Filed under book | Tags: · art, art education, bauhaus, colour, design, drawing, painting, theory
“Paul Klee occupies a unique position among the creators of modern art. Although he shed all ties with conventional presentation, he developed a closer and deeper relationship to reality than did most painters of his time. Without any attempt at imitation or idealization, he recorded proportion, motion, and depth in space as the fundamental attributes of the visual world.
Klee collected his observations in his Pedagogical Sketchbook intended as the basis for the course in design theory at the famous Bauhaus art school in Germany. From the simple phenomenon of interweaving lines, his work leads to the comprehension of defined planes-of structure, dimension, equilibrium, and motion. But he employs no abstract formulas. The student remains in the familiar world-a world that acquires new significance through the straight forward approach of Klee’s simple, lucid drawings and his precise captions. Chessboard, bone, muscle, heart, a water wheel, a plant, railroad ties, a tightrope walker-these serve as examples for the forty-three design lessons.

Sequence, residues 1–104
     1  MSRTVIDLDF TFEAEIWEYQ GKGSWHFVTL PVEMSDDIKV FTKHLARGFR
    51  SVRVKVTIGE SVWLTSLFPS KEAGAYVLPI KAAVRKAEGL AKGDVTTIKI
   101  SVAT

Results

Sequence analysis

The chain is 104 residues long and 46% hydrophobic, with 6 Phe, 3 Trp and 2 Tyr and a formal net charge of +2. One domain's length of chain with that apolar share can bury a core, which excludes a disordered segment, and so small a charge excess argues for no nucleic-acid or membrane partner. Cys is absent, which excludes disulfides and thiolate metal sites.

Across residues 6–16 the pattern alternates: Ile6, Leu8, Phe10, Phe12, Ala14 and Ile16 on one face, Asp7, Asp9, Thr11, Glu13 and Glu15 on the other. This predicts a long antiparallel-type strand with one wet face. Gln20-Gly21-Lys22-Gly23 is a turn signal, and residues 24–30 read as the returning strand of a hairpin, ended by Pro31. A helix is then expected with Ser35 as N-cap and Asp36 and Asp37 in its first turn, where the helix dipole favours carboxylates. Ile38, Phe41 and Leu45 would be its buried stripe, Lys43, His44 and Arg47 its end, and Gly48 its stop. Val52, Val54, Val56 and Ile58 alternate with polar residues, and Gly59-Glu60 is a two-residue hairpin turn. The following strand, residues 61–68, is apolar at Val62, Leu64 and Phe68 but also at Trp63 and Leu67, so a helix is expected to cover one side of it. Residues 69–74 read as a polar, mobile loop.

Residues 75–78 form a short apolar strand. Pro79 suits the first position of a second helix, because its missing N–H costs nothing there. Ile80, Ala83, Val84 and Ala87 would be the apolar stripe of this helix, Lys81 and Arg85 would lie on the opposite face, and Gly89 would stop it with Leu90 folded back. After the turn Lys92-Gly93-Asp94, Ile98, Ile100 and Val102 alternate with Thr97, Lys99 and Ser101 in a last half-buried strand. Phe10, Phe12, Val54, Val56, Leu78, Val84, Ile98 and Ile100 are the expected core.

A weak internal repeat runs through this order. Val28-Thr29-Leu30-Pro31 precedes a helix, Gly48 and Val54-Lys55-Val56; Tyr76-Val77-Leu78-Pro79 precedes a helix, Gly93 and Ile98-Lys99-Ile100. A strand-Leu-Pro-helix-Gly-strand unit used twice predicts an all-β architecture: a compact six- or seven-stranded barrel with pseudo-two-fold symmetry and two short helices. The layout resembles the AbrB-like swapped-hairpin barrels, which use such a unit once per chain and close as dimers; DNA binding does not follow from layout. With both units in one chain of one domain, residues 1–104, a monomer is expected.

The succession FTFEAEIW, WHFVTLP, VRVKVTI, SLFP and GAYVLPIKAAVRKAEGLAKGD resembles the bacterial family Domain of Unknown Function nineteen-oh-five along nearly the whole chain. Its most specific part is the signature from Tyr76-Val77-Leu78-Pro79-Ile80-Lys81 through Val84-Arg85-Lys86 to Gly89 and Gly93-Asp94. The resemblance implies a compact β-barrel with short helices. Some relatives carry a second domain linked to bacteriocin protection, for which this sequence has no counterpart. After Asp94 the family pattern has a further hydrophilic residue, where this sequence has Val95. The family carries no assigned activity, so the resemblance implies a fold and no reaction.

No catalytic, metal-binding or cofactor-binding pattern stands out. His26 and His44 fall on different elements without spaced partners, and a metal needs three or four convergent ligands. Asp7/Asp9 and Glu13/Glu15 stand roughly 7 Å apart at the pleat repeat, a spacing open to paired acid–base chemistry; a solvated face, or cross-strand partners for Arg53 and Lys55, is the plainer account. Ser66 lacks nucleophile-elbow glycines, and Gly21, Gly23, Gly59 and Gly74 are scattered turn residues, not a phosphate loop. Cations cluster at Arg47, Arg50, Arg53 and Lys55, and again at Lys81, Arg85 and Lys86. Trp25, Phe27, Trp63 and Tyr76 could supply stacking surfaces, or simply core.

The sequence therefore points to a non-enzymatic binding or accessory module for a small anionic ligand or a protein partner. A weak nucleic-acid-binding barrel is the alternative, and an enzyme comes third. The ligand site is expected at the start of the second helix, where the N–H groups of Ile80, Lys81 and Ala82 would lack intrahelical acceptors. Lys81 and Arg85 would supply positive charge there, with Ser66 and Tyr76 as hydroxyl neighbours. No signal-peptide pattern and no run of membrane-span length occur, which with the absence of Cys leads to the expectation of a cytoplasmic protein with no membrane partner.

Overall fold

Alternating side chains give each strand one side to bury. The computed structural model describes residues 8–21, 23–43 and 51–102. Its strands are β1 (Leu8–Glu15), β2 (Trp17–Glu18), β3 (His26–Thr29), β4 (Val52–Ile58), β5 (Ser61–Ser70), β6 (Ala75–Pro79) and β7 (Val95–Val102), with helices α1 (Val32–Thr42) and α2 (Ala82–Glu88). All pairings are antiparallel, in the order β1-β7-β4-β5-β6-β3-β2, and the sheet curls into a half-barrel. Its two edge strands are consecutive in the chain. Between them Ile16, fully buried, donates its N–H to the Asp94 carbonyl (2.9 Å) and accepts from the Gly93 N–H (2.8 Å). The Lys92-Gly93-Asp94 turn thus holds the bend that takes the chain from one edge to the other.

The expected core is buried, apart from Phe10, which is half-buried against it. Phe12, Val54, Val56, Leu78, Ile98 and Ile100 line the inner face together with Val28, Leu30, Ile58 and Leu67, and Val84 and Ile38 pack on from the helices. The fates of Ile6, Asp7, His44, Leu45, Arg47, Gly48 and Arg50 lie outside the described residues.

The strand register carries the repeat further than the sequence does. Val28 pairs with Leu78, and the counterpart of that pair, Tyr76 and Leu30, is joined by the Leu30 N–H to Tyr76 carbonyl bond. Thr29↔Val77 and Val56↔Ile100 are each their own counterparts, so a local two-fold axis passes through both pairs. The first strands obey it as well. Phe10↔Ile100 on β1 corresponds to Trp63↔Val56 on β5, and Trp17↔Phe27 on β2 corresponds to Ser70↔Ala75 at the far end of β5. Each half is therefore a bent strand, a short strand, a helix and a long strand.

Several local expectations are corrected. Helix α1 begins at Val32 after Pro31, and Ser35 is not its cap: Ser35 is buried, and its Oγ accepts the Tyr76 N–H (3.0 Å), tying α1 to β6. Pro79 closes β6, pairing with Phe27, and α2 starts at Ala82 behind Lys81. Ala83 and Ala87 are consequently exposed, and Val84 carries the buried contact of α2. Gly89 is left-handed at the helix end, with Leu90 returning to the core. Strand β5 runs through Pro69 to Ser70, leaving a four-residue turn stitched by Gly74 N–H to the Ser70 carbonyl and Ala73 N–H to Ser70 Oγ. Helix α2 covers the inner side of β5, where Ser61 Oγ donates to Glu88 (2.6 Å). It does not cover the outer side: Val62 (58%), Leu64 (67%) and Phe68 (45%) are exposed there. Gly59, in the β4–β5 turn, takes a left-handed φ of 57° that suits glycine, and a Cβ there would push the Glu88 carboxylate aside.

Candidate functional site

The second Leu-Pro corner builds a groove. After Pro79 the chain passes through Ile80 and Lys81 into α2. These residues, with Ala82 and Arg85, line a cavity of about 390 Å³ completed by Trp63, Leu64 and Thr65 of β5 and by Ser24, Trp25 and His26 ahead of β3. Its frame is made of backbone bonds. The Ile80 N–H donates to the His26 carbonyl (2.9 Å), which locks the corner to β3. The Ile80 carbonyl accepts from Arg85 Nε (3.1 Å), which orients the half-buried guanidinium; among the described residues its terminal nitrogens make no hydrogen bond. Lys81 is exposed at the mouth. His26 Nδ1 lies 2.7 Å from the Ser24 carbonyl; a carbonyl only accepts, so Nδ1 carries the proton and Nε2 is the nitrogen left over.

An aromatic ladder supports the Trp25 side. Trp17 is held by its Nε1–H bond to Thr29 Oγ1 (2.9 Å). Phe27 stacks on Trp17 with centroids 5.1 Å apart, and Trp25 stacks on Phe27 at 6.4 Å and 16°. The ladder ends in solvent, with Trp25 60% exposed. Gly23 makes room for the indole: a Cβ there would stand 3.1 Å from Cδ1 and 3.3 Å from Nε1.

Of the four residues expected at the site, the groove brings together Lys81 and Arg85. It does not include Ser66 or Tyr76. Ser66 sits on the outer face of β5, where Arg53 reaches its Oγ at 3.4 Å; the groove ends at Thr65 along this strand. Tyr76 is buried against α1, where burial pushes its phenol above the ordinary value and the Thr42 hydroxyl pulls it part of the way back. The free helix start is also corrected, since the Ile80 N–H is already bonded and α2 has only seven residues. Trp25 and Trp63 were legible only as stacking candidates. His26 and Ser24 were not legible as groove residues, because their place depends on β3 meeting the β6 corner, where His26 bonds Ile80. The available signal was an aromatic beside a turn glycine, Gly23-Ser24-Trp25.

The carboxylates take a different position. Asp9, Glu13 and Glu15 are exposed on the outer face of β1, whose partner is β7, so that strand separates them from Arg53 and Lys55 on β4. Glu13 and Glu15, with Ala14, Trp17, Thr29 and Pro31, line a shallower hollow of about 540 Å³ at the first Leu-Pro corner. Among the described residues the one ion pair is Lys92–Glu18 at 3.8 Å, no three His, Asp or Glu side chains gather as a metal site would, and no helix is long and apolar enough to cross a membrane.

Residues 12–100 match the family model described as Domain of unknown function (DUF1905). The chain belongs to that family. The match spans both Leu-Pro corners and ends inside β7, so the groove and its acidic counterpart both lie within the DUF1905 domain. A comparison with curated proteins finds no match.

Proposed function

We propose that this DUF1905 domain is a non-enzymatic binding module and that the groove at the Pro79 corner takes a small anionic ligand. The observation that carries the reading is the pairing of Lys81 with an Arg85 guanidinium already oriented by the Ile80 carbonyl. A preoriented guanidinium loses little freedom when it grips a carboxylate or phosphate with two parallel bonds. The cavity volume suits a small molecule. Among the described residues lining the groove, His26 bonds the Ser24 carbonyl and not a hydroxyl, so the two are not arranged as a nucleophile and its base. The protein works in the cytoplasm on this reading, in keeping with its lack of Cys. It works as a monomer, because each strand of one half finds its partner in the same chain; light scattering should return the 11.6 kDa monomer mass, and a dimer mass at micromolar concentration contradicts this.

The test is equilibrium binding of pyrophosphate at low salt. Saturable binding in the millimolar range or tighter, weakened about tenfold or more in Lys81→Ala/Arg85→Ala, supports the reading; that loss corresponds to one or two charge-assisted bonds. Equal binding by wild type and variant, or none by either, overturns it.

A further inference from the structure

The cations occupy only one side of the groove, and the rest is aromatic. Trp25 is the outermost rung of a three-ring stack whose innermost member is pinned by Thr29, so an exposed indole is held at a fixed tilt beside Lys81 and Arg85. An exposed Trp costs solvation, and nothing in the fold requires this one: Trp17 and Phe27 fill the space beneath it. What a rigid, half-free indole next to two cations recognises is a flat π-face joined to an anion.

Pedagogical Sketchbook is a vital contribution toward a more human, more universal goal in design education the work of a visionary painter who dedicated himself to the practical task of making people see.” (from the Back cover)
Publisher Albert Langen, Munich, 1925
Volume 2 of Bauhausbücher series
Introduction and Translation by Sibyl Moholy-Nagy
Publisher Frederick A. Praeger, New York, 1953
The original layout by L. Moholy-Nagy has been retained
Pädagogisches Skizzenbuch (German, 33 MB, via Bibliothèque Kandinsky, added on 2014-8-17, updated on 2022-4-13)
Pädagogisches Skizzenbuch (German, PDF, JPG, in Heidelberg U Library, added on 2019-7-7)
Pedagogical Sketchbook (English, 1953 edition, no OCR)
Pedagogical Sketchbook (English, 1960 edition, 7th printing from 1972)
Παιδαγωγικό Σημειωματάριο (Greek, trans. Β. Λαγοπούλου, 1976)
Pedagogikheskie eskizy (Russian, trans. N. Druzhkovoy, 2005, added on 2014-3-6)